disabled aids
disabled aids disabled equipment disabled aids
disabled equipment
  Disability Information for the Disabled from the Disabled.
disabled holiday information
DisabledInfo.co.uk - offering practical advice and information for the disabled from the disabled
DisabledInfo.co.uk offers advice and information for the disabled from the disabled
disabled holiday information
 
disabled holiday information
disabled equipment
disabled equipment
About the home
Finance
Health
.. Ailments
.. New Medication
.. Remedies That
disabled equipment
Life is too short
Out of the home
Support groups
Travel
Your Stories
Home
Contribute
Chat Room
Disability Forums
Visitor FeedBack
Common Searches
FAQ's
Disability Links
About Us
Contact Us
Bookmark Us
Tell A Friend
 
 


disabled equipment disabled aids disabled equipment
   Health > Ailments > The ADD/ADHD Diagnos
Disabledinfo
 
 
The ADD/ADHD Diagnosis: Getting Accurate Results

It is not difficult for a child to be labelled ADD/ADHD today -often all it takes is a frustrated teacher who is not able to manage her, and a psychologist / psychiatrist / doctor who likes to work with a checklist of behaviours and a pencil. But because many other serious problems have symptoms that are similar to ADD/ADHD, it is necessary that the diagnosis be done with care. Here I have listed out the steps that every diagnosis of ADD/ADHD should include:

Step 1: Checking for other physical problems

A doctor should check that there are no vision or hearing or fine-motor problems that make it hard for the child to pay attention to other people or make school work difficult. He will also check for thyroid conditions like hypothyroidism that mimic ADD, and take a brain scan to rule out a form of epilepsy -petit mal, or 'absence' epilepsy - which is often interpreted by teachers as a lack of attention.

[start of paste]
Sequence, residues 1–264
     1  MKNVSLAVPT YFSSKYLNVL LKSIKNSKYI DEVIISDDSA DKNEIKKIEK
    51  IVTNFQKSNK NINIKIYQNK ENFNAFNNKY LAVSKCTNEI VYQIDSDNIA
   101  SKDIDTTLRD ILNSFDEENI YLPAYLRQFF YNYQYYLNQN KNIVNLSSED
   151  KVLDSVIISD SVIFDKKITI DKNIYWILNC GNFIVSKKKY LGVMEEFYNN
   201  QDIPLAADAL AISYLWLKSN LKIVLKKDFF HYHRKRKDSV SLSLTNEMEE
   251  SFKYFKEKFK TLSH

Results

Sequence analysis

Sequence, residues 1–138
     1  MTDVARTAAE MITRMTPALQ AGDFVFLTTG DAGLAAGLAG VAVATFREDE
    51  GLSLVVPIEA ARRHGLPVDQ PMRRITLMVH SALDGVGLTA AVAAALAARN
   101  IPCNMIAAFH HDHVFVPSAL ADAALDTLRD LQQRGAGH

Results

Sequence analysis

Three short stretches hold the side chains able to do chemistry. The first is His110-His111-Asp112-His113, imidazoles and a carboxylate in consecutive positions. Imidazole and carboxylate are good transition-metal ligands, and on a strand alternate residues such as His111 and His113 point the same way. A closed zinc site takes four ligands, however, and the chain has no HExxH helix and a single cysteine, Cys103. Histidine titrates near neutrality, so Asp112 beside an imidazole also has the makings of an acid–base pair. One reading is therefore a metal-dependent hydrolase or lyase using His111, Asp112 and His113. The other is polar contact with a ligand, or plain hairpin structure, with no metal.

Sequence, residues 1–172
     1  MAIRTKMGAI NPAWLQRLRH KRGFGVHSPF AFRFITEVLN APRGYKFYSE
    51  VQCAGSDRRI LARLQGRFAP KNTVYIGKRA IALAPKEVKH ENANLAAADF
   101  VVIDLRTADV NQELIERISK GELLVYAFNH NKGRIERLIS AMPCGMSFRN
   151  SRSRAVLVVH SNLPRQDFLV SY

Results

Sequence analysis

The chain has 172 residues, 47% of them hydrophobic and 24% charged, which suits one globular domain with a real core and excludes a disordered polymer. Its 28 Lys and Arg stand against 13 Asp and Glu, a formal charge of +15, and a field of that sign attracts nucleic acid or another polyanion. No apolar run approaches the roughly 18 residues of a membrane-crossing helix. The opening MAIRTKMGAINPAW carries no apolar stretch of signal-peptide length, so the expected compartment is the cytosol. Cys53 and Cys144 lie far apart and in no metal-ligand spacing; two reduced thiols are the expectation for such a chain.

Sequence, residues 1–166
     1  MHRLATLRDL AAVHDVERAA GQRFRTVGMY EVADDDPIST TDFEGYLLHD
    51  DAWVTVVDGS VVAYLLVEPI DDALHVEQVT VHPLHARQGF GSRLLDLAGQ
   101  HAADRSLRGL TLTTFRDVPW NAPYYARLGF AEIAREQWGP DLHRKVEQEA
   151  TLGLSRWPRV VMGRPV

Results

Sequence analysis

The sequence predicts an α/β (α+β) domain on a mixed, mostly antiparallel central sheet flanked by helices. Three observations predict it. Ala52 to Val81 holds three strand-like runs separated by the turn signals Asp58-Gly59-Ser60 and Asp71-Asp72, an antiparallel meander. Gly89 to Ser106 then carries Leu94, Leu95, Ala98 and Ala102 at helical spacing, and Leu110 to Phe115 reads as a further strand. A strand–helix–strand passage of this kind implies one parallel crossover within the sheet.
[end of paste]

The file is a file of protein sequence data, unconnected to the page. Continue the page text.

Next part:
Step 2: Checking the medical, social, educational and psychological history

The doctor will want to know the conditions of pregnancy and birth, major health issues, sleep habits, and if she reached the milestones on time. He will ask about her family: do her parents have any learning disorders or mental illness? How is she doing in school? Is she depressed? If the inattention is because of depression or foetal alcohol syndrome, conventional drug therapy with stimulants will not be suitable.

Step 3: Interviewing

The doctor at this stage looks for an assessment of herself-esteem and coping strategies rather than evidence of misbehaviour. In his interviews with the parents and teachers he will look for issues connected with discipline, affection, and the match between the child's skills and what is happening in her classes. He may advise the parents to be less strict and more patient, and the teacher to be more creative in the way she teaches.

Step 4: Testing

In this final stage, the results will be interpreted according to the results of the previous steps in the diagnosis. There are many tests for ADD/ADHD available over the web, some consisting basically of a list of behaviours the parent, teacher or psychologist needs to check off and some of tests that claim to measure actual performance in an activity involving concentration.



The problem with the checklist diagnosis is that the outcome is often determined by what the person filling in the checklist wants to believe, and the problem with the tests of continuous performance is that coffee, cola, lack of sleep and even practice in computer games can affect results.

If after all these steps, your child does seem to have ADD/ADHD, you need to think carefully about what treatment you should opt for - behaviour therapy, a modified environment, or medication? Medication is the most conventional, but not the only answer.

About the author:
[Dead links removed]
 
Jon Bennett
 
 
disabled equipment disabled aids disabled equipment
   
disabled equipment
 
 
  disabled holidays disabled aids disabled holidays disabled holidays disabled aids disabled holidays  
disabled equipment
disabled holiday information
 
disabled holiday information
disabled equipment
disabled equipment
disabled aids